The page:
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Wednesday, June 13, 2012

Managing Work and Training Load

Everytime I feel that there's too much work to do, I pause and tell myself "work and making a living are blessings". And each time I feel too lazy to train, I find motivation in realizing that this isn't going to be foreover. And that I should enjoy running and triathlon while it lasts...while I can.

My work load has increased exponentially over the past few weeks given brand activations, new ad campaigns, profit improvement projects, etc. Whatever it is, I am finding myself coming to work a bit earlier and leaving for home a little later than I used to. My teaching load at the Ateneo Graduate School - Center for Continuing Education whether on campus or off site has stepped up as well. These plus some work needed in my small businesses all compete for time and energy with the training needed for the upcoming Century Tuna 5i50 Standard Distance Tri and the Cobra 70.3 Half Ironman in August.

One of the "A-Races" of the Year.

Training Load

To get an appreciation of my training workload, this is what I did last week lifted directly from my training log book as actual workouts:

Sunday - Long Brick. 100k ride + 8k run in 3:45 hours
Monday - 1 hour easy recovery run
Tuesday - 50k ride with hill repeats
Wednesday - 12 X 1,000m run intervals,
Thursday - 40k easy ride
Friday - 15k easy run in the morning, 2k easy swim at night
Saturday - Easy run in the morning.

I usually train at night at least twice or three times a week. These are usually swim sessions or an easy run or time on the saddle using a bike trainer (stationary bike). However, last week I taught classes at the Ateneo CCE on Wednesday and Thursday eve and the whole day of Saturday. Nevertheless, total time spent training was 12 hours. This week's load is roughly 14 hours.

Racing and Training to stay competitive.

Work Load

It's usually best to be at work early to allow time to get work organized before meetings start. I try to get all the admin and routinary tasks out of the way within the first hour at the office. However, I also have a full month plan of all the goals, objectives, tasks and major projects I need to accomplish cut into weekly and daily deliverables. These are usually sorted out in the following order of priority:

  1. Brand Health and Competitiveness (advertising, PR, price competitiveness, new product development, distribution, etc)
  2. Revenue Generating Activities (projects to keep sales and market share soaring high).
  3. Profit Improvement Projects (growing the bottom line)
  4. Organizational Health and People Development
  5. Innovations
I stay focused at work until the daily, weekly or even monthly deliverables are accomplished before I goof off or attend to unplanned tasks.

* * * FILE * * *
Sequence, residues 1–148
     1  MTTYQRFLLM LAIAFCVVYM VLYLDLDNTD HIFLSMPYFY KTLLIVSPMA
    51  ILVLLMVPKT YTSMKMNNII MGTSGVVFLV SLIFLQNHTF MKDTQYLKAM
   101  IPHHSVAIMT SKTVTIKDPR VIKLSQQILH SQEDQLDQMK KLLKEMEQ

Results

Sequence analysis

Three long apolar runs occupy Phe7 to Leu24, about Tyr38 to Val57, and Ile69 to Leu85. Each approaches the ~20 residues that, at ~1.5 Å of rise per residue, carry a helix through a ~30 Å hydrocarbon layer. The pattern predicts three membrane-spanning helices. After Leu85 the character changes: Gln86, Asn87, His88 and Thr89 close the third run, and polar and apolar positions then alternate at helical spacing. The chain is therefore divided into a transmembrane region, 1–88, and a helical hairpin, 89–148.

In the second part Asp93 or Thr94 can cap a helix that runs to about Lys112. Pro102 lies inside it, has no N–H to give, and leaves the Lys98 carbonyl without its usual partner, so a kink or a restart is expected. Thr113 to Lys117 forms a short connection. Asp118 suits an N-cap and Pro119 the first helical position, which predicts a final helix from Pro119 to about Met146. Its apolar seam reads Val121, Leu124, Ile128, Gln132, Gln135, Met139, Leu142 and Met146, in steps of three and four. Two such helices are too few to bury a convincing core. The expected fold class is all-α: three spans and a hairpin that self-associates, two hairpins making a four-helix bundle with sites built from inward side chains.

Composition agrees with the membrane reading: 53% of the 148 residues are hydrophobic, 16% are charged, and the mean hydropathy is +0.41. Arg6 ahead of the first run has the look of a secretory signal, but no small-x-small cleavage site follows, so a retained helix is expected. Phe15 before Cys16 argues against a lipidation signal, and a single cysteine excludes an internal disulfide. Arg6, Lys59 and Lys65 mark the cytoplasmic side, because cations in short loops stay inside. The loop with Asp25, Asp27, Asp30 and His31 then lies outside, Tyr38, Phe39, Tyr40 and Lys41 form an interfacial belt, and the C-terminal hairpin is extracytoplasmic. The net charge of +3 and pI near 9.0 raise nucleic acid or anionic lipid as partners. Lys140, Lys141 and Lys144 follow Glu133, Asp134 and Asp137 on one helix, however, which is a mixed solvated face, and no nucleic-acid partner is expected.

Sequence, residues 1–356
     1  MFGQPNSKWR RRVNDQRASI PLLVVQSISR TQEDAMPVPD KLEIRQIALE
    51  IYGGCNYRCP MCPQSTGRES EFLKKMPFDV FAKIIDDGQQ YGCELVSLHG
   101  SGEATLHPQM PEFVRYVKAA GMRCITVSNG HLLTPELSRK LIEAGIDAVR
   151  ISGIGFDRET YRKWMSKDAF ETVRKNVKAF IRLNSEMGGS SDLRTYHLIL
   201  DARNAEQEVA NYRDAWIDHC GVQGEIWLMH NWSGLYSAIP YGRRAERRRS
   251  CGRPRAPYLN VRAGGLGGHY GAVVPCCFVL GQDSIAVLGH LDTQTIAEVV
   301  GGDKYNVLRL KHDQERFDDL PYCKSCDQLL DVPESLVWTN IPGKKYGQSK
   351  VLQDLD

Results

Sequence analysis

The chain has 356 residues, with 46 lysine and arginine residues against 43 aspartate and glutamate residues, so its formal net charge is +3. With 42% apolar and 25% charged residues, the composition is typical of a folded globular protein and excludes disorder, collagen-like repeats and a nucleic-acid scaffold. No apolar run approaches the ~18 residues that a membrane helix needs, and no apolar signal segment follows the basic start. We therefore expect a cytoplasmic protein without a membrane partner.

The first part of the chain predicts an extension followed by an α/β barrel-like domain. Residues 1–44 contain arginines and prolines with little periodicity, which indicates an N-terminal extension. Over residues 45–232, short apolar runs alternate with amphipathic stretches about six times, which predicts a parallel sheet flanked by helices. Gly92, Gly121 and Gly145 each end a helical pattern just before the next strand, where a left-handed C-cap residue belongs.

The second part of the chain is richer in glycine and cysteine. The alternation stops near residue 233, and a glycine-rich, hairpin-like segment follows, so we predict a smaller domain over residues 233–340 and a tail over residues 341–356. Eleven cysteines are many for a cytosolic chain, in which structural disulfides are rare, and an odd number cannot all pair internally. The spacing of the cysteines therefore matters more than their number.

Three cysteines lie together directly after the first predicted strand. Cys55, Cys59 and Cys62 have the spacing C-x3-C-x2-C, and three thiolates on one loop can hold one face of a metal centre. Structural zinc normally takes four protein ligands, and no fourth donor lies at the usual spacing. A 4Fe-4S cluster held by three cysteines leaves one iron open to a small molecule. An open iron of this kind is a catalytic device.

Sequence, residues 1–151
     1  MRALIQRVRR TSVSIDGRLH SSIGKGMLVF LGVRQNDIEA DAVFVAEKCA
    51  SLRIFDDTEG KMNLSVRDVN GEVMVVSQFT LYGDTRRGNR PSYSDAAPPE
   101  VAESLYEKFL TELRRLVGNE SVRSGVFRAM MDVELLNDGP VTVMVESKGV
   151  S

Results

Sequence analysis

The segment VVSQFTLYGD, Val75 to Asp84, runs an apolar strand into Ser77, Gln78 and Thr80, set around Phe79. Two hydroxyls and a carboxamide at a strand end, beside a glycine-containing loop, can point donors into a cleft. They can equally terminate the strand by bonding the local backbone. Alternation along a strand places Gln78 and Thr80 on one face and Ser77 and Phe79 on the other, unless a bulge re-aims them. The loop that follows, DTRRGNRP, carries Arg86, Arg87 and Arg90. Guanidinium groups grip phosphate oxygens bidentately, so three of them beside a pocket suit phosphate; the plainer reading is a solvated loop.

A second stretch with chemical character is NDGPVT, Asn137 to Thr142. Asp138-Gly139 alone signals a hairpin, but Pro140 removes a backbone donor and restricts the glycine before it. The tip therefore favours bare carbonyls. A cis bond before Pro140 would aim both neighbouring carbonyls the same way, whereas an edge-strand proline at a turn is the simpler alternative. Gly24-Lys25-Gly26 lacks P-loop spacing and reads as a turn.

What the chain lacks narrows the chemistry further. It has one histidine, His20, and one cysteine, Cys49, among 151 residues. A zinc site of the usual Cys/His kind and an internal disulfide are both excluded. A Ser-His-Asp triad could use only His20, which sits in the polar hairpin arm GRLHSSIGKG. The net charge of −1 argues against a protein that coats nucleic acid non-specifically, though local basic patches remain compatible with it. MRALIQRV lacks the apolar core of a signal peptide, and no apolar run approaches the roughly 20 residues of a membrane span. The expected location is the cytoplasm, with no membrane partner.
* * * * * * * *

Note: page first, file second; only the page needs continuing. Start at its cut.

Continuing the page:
I find that by having a structured and discipline approach to running the business, I don't waste time working on things that don't add value. And the time spent in the office is usually all high impact and very productive.

I keep meetings to a bare minimum and usually set time limits to each one. I also try to keep discussions in meetings only to what's relevant.

Focus on the most important matters.

Finally, there are some sacrifices such as keeping my lunch breaks very short - most days I eat in the office and can turnaround for lunch in less than 30 minutes.

This frees up time to take on my teaching load at the Ateneo CCE or other speaking engagements that come by from time to time.

Teaching Load

I teach courses such as Strategic Marketing, Crisis Management and Brand Turnaround, Marketing Warfare, New Market Development and some topics on Sales and Distribution.

These are usually at night and Saturdays.

Grading Sheets and Course Brochures
Close up of the Grading Sheet...the power to Grade!
Ateneo CCE Students working on a case study.

There are some days though that can be a killer. Last Wednesday and Thursday, I was training by 5AM, at work by 8:45am at Ateneo by 6PM and finish by 9:30. Those are the rare 16 hour workdays.

Daily Routine

To handle the load, I usually make it a point to wake up at around 4:45 and be training as early as 5am. This allows me to finish my morning workout by 6:45am and still get to work early.

If I am lucky and get off work by 6pm, I still have a 45 min window to squeeze in either a swim or run at night just before dinner.

But the heaviest training load is on Saturdays and Sundays, early morning.

Putting it all together is always a challenge but it's all a matter of being proactive and organized.

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